Driving into the state, this butte caught my eye and required that I pull over to get a photo. If I don’t stop when something calls out “take my picture” I will regret it later you know.
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Late in the afternoon I saw the turnoff to Newspaper Rock coming up – my chiropractor had told me I had to stop there, a historic Petroglyph site. Sometimes I listen.
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I think I didn’t find the Petroglyphs, although I wasn’t sure. Perhaps there were some up there?
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Was this one?
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Looking up Newspaper Rock on the internet, I don’t think I found the area where the Petroglyphs are at all. But Shasta and I had a nice walk, and now I can say I was there, with photos to prove it. I headed on to the motel I had reserved for the night – for two nights, actually, but I changed that to one night.

Moving on the next day, there were windy roads
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and I found Wilson’s Arch, so at least I got a picture of one arch.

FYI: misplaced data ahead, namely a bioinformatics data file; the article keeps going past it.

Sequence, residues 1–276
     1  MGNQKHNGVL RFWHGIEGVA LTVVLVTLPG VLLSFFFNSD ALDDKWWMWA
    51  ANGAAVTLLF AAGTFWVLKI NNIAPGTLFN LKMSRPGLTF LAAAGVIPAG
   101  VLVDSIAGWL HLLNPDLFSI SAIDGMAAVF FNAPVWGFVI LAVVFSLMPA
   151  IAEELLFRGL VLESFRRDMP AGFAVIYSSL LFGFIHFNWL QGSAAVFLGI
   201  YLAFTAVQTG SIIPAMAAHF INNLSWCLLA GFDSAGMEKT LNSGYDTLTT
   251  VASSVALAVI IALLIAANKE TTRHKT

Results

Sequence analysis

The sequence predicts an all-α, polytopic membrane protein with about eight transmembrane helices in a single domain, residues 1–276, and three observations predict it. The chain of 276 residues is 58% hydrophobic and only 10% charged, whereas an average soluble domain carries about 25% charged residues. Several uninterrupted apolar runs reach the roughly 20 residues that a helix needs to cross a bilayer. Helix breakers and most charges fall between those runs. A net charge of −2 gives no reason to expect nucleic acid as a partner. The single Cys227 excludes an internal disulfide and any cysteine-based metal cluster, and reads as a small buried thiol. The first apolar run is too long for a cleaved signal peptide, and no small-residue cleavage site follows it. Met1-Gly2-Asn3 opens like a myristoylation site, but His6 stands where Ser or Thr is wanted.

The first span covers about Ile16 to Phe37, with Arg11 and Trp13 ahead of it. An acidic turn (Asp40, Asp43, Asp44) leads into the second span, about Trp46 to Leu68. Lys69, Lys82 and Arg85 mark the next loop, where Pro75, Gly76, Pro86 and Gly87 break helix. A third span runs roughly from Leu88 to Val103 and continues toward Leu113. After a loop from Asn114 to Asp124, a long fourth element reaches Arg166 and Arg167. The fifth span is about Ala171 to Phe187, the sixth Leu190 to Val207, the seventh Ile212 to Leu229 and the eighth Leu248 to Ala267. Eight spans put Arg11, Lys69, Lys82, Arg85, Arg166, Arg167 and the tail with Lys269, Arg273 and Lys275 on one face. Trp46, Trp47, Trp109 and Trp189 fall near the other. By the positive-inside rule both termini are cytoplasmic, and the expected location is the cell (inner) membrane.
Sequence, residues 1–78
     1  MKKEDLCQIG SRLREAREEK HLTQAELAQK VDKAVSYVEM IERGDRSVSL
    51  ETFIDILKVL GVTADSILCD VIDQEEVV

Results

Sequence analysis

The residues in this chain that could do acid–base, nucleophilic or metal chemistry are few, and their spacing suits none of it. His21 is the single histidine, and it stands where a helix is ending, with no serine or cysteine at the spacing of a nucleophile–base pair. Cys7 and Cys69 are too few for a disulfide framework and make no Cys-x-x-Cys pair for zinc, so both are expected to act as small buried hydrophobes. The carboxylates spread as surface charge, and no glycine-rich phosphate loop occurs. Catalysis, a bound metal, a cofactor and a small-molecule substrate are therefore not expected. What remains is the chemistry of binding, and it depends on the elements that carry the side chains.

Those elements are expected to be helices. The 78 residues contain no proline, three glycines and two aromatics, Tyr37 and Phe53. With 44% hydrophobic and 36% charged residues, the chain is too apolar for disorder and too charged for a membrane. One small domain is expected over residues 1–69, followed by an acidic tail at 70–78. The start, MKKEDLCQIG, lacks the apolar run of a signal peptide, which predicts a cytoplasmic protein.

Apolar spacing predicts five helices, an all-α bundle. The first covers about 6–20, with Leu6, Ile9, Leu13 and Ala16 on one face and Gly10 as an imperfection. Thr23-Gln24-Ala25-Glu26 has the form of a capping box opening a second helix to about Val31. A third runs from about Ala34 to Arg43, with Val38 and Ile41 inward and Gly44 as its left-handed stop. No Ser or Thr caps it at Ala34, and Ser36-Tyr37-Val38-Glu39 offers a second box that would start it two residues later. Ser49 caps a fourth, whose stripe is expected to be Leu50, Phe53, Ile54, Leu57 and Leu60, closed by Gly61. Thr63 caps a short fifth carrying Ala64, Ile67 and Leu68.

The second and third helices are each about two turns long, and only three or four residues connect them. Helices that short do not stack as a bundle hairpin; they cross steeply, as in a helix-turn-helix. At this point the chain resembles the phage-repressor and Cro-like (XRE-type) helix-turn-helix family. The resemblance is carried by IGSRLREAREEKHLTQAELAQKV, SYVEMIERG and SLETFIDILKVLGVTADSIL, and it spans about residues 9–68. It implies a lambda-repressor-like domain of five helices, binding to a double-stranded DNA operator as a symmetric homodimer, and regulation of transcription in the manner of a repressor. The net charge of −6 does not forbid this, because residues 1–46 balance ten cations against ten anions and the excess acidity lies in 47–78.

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On into northern Utah, through Salt Lake City and out the other side of the city, The Great Salt Lake
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Continuing on, watching the road, my mind in neutral, the terrain turned white and I thought “hmmm, white sand? Maybe salt flats?” Remember, I said my mind was in neutral. Then I saw a sign that said “Bonneville” and my mind woke up, clicked and said, “Duh! Of course stoopy, you’ve seen commercials filmed in the Bonneville Salt Flats. Where did you think they were?” Yep. Duh. It goes like that sometimes.
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So that was Utah for me. Maybe someday a trip just to tour the national parks. Maybe. Someday.

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Share Your World – 2015 Week 20

On this rainy morning, it seems a perfect time to share more of my world with Cee. I feel no need to be constructively productive today, so I think I will use the day to satisfy my creative urges.